Much of modern economic theory is based around a simple idea: Human beings maximize utility. But what is utility? Many people think of it as happiness or pleasure; British philosopher Jeremy Bentham, the inventor of utilitarianism, conceived of it this way. But this isn't how modern economists think of the concept. To an economist, utility simply means how much people want something. If an economist observes people working hard and making sacrifices to buy houses, then the conclusion is that houses must have lots of utility to those people.
Modern economists tend to assume that utility is good — that people should get what they want. When economists talk about the notion of consumer surplus, they just mean the utility that consumers derive from getting a good deal on consumer goods. Welfare economics, which deals with the question of how much the economy benefits humanity, often conceives of social welfare as a function of the extent to which people satisfy their wants. More egalitarian economists will tend to value the utility of the poor and disadvantaged more than the utility of the wealthy, but fundamentally it’s still about giving people what they desire.
There are certainly reasons to criticize this philosophical approach. First of all, people sometimes make choices they come to regret. Smokers know they should quit now, but they put it off and years later end up wishing they had shown a little more fortitude. So should society care about people’s present selves, or their future selves? This question is very important when discussing whether to ban electronic cigarettes. If Juul Labs and other vape makers get young people hooked on nicotine in ways that they’ll later wish they hadn’t, it might make sense for government to bar those people from satisfying their wants.
But there are deeper reasons to question whether society should just feed human desires all the time. Bentham’s utilitarianism conceived of a good society as one that makes its people happy. But what if the things people desire don’t bring them happiness?
There’s no clear consensus on how to measure happiness. Some neuroscientists have tried to link it to various measures of brain activity. But economists tend to use a method that’s a lot cheaper and quicker — they send out surveys and questionnaires asking people how happy they are.
Happiness research has led to some surprising and troubling discoveries. People seem to reliably seek out a few things that make them unhappy.
One of these things is Facebook, by far the world's largest social-networking site. In a 2019 paper, economists Hunt Allcott, Luca Braghieri, Sarah Eichmeyer and Matthew Gentzkow investigated how much money they had to pay Facebook users in order to get them to deactivate the Facebook app for one or two months. They found that the median amount was $100, and the average was $180 (the latter being larger because a few users really loved Facebook).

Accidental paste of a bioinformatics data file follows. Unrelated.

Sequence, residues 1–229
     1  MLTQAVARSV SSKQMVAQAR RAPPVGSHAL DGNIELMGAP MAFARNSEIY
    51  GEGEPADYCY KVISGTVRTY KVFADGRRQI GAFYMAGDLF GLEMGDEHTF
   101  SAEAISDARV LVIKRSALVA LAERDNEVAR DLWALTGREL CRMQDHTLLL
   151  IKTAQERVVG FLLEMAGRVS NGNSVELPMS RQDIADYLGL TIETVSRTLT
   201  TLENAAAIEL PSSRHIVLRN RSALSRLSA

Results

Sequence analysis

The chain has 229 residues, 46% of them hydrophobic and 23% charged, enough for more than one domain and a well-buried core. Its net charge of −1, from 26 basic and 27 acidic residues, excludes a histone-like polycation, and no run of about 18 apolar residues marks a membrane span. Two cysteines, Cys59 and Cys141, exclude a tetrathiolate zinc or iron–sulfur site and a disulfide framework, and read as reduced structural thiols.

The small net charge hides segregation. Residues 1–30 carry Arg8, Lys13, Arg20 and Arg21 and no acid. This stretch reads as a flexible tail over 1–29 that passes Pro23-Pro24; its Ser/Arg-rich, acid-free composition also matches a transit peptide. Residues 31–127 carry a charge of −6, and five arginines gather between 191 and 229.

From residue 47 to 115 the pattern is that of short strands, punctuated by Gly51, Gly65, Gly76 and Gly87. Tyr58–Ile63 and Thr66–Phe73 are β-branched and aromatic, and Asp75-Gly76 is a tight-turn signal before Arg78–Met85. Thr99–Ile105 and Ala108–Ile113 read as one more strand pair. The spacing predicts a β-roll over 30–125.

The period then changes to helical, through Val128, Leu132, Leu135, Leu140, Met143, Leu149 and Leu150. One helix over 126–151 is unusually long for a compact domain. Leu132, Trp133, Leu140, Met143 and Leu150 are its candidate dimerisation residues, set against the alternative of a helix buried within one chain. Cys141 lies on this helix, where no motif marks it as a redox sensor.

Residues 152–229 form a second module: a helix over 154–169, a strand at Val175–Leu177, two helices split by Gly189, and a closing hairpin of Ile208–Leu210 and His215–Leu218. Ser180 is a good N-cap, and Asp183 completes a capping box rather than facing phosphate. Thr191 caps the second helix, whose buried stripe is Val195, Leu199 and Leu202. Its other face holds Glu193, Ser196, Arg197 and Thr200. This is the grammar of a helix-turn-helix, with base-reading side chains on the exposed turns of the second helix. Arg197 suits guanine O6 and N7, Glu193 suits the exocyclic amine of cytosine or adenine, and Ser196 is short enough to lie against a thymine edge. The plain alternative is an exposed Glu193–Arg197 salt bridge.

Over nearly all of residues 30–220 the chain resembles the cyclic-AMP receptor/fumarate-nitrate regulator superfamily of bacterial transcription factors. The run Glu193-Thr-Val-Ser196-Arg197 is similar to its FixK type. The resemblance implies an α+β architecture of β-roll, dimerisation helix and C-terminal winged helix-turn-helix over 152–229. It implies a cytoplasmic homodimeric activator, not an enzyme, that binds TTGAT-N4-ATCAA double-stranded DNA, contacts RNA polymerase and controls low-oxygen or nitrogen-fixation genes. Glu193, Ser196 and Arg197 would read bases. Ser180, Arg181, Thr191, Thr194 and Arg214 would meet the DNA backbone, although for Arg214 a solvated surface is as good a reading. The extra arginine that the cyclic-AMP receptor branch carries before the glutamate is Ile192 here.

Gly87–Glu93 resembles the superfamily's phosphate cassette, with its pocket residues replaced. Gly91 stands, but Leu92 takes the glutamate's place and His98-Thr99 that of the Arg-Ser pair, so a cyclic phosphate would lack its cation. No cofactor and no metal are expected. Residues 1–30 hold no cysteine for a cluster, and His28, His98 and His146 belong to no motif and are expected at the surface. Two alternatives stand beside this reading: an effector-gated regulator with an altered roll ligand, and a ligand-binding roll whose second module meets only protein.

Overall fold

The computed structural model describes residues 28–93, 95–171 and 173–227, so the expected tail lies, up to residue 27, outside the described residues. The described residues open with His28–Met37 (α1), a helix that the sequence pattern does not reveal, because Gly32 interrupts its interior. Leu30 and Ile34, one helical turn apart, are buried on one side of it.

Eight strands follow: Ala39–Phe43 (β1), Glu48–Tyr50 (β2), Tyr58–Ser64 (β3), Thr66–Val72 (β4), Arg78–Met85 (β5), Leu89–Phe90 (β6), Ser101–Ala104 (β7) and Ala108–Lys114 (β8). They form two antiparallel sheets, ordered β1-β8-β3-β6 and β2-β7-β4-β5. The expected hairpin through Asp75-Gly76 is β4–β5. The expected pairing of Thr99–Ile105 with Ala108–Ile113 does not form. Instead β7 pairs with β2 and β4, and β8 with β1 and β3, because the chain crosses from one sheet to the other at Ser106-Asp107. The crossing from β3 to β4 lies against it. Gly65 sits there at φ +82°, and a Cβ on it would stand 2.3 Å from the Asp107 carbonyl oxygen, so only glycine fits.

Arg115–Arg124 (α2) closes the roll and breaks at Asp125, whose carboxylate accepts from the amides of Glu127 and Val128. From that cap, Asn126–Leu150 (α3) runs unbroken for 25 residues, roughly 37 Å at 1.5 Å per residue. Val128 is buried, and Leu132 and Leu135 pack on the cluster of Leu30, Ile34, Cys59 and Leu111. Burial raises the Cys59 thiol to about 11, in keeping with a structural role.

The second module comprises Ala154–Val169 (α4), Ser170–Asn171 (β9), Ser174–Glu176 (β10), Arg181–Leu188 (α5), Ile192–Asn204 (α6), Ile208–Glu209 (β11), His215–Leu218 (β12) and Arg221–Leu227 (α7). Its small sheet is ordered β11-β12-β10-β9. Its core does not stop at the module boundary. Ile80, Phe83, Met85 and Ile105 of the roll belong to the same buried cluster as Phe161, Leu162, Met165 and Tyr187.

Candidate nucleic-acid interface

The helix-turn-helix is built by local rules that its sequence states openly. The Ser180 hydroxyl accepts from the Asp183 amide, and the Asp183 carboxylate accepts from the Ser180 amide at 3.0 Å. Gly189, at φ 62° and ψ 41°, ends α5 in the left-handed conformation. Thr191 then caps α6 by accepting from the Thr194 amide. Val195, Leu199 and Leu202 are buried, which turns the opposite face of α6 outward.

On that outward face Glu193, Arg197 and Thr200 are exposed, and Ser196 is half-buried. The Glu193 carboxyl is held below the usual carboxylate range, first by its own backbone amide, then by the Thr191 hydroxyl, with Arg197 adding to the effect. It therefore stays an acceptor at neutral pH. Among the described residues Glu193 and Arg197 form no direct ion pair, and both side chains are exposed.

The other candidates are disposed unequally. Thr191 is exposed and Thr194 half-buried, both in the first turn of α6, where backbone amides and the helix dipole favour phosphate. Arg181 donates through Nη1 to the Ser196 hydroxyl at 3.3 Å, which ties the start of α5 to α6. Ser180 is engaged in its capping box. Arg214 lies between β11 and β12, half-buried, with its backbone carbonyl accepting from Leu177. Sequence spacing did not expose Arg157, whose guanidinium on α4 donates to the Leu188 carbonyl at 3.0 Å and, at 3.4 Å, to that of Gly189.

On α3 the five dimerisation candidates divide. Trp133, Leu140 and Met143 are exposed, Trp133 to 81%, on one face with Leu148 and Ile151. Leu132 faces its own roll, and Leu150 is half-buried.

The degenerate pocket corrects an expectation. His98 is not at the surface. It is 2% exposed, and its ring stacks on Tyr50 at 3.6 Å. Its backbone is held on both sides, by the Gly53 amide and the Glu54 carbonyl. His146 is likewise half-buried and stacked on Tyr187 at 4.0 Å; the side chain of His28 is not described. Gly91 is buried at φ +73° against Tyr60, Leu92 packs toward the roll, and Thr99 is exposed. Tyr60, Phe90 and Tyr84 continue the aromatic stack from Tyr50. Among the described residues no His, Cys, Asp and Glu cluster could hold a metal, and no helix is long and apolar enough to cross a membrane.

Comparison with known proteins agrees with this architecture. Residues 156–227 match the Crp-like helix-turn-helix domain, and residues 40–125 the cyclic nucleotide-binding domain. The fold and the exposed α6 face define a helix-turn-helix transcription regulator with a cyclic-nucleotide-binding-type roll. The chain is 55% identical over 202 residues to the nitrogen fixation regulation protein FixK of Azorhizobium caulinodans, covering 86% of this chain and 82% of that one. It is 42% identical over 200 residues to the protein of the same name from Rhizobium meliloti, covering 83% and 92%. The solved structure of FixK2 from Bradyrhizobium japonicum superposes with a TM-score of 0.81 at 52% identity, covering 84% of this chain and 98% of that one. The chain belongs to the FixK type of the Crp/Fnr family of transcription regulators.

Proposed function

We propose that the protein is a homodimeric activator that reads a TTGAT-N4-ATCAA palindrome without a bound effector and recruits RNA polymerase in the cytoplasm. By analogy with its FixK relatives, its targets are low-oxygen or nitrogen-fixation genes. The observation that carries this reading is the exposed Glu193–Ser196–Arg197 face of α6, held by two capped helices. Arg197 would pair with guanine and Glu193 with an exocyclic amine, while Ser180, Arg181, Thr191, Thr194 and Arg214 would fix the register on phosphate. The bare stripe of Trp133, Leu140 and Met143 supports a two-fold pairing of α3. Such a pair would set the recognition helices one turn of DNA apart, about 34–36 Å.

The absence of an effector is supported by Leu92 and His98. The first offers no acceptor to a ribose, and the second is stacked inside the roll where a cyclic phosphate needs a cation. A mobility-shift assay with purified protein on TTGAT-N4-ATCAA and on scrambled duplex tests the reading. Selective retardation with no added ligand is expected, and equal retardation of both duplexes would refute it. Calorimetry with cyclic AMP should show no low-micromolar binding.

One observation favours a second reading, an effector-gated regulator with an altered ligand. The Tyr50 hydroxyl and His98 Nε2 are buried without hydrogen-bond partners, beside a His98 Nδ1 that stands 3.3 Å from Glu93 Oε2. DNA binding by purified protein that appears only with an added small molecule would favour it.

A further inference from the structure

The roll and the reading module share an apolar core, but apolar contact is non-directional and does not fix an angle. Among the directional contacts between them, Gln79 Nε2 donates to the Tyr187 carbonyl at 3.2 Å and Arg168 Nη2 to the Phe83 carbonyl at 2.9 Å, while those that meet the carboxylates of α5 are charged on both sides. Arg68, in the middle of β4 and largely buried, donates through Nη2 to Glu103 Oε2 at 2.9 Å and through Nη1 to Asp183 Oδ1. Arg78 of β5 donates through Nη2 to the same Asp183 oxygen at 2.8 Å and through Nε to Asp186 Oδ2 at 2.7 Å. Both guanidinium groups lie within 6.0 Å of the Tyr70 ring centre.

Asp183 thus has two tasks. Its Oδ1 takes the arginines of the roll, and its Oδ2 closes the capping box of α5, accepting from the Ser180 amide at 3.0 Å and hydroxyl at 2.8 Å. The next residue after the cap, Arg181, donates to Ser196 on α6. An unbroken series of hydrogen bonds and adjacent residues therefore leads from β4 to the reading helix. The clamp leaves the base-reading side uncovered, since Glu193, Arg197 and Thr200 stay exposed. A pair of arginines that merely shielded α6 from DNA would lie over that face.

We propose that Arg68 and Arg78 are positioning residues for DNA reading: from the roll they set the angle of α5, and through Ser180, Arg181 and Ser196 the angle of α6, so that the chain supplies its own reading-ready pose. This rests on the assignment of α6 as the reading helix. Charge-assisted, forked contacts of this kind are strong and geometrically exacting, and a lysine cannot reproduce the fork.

This suggests that Facebook, which is free to use, generates a huge amount of utility — more than $370 billion a year in consumer surplus in the U.S. alone. This bolsters the argument of those who believe that free digital services have added a lot of unmeasured output to the global economy.
But Allcott et al. also found that the people who deactivated Facebook as part of the experiment were happier afterward, reporting higher levels of life satisfaction and lower levels of depression and anxiety. The change was modest but significant — equal to about 25 to 40 percent of the beneficial effect typically reported for psychotherapy.
Why are people willing to pay so much money for something that reduces their happiness? One possibility is that social media acts like an addictive drug — in fact, the people Allcott et al. paid to deactivate Facebook ended up using it less after the experiment was over. But another possibility is that people use services like Facebook because they’re compelled by motivations other than the pursuit of happiness.
Another example of the disconnect between happiness and utility might be commuting time. Economists and other happiness researchers consistently find that longer commutes are associated with unhappiness. Yet people still pay quite a lot to live in far-flung exurbs. Economist Robert H. Frank has found that the larger houses that come with exurban life don’t compensate for the longer commute times in terms of happiness. House size and commute time aren’t the only factor in the choice of what neighborhood to live in, but this might be another case like Facebook where things that bring utility don’t bring happiness.
There may be a number of such cases. A paper by economists Daniel J. Benjamin, Ori Heffetz, Miles S. Kimball, and Alex Rees-Jones found that on surveys, people usually predict that the things they say they’d pay money for would also boost their happiness — but not always.
So what should society do about the disconnect between utility and happiness? The question raises the thorny issue of paternalism and whether it’s government’s role to push people to do things they don’t want to do, simply because they might be happier as a result. Basing policy on happiness surveys might also be a mistake if these surveys aren’t good measures of true happiness. Such surveys might reflect cultural expectations of what people think they ought to say, or people could gradually lose their ability to gauge how much happier or sadder they are now than they were in the past.
But it also unwise to simply dismiss the disconnect between happiness and utility simply because happiness is hard to measure. If people are consistently making mistakes that lead to a less happy society, it’s a problem that should be addressed. Bentham and the original utilitarians would demand no less.
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